This approach also negates any uncertainty around GDPR where a duty, or expectation, of confidence can continue after death. Whilst there are sometimes clear moral and ethical obligations to trace relatives, there is no legal or statutory requirement for local authorities to locate next-of-kin.  

In the event that a referral cannot be made to the BVD, such as if there are known relatives who just cannot be traced or if it has been confirmed there is a valid Will, then we would recommend the details are passed simultaneously to more than one firm of accredited genealogists.

Some heir hunters offer free services to local authorities; however, their services are certainly not free to the next-of-kin who they then locate. If given details on an exclusive basis, it means that heir hunters can charge next-of-kin fees that are well above the market rate. This is one of the reasons why so much effort goes into their marketing and outreach to councils.

Having details on an exclusive basis also means that an heir hunter’s research is not subject to peer scrutiny and mistakes can, and do, happen. In the past this has resulted in completely unentitled persons receiving the deceased’s estate.

The measures recommended above, which we are increasingly being adopted by councils, ensure that any relatives are identified quickly and are also protected from being charged excessive fees. It also provides protection for local authorities who avoid an audit and bribery risk together with accusations of bad practice from aggrieved relatives.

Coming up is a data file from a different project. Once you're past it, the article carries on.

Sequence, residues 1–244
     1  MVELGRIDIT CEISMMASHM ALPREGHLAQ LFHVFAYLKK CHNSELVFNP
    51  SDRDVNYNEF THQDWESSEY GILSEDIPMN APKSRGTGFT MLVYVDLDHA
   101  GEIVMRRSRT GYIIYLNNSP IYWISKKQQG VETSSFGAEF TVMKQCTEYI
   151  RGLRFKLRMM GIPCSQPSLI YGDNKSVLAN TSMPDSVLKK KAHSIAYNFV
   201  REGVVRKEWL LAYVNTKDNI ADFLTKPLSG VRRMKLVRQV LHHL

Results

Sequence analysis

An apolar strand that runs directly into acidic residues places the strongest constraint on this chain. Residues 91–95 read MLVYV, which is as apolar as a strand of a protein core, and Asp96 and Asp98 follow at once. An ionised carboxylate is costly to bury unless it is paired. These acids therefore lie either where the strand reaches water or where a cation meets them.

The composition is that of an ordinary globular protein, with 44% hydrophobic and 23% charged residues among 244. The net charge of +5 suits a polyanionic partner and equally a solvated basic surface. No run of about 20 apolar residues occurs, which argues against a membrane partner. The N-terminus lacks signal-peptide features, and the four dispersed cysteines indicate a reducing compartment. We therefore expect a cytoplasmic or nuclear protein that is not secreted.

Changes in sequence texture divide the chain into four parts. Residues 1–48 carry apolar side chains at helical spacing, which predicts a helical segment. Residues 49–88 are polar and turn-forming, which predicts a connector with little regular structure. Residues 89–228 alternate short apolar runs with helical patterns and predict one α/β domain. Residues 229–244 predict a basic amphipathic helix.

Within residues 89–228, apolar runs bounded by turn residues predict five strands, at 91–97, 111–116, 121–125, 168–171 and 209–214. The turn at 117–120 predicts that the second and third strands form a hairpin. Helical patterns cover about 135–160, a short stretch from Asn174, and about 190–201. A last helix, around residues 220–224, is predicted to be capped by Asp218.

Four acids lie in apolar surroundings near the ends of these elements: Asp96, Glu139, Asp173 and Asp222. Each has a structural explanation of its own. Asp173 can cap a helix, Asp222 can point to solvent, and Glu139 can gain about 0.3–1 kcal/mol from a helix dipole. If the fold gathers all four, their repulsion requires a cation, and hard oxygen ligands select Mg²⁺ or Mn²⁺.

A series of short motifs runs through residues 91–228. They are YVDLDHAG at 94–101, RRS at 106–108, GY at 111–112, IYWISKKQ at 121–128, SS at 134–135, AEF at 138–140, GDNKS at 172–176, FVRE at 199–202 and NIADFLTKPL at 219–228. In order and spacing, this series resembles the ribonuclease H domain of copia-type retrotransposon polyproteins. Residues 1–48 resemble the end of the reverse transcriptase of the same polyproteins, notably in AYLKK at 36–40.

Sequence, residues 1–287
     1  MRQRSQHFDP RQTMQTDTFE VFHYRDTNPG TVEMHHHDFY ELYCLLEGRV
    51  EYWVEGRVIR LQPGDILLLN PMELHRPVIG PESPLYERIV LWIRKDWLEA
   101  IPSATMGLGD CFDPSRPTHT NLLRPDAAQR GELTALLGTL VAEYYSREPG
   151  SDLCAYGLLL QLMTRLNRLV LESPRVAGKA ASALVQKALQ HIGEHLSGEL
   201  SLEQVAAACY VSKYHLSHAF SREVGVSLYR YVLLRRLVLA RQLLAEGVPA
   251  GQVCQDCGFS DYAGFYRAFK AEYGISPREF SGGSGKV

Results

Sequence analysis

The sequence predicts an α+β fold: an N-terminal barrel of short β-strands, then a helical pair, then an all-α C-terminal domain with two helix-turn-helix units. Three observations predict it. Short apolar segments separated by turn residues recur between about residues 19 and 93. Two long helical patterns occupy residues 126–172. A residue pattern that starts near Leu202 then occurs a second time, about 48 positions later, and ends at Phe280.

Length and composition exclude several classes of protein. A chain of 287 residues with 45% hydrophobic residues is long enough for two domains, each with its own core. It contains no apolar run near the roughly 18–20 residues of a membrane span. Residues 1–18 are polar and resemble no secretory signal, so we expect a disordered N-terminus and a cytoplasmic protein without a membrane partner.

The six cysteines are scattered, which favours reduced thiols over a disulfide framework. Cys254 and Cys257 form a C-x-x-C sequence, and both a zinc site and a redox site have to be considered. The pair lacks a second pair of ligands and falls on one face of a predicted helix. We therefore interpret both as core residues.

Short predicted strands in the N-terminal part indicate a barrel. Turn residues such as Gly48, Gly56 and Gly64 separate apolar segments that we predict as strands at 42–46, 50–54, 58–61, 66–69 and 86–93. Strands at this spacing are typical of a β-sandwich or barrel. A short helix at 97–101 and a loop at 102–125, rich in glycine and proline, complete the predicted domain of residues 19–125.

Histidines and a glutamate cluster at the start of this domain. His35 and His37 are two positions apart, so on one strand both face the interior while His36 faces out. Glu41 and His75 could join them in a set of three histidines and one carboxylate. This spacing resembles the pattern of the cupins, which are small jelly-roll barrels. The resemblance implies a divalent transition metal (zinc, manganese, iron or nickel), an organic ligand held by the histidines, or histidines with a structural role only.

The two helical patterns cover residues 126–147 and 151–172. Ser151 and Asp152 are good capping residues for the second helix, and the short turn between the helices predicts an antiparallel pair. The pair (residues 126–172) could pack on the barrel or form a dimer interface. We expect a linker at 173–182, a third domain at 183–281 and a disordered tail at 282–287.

Kind regards,

Anglia Research Services Ltd

Thanks very much for the advice. The two cases I'm dealing with are slightly different, in that the property owner died over 10 years ago, and in both cases, we have identified sons who are refusing to apply for probate. We were looking to use heir hunters to identify whether or not there are other relatives who could be next of kin and who might be entitled to apply for probate. We may be clutching at straws, but at the very least, it would confirm that we are dealing with the appropriate person in each case.  

Hi Jeremy,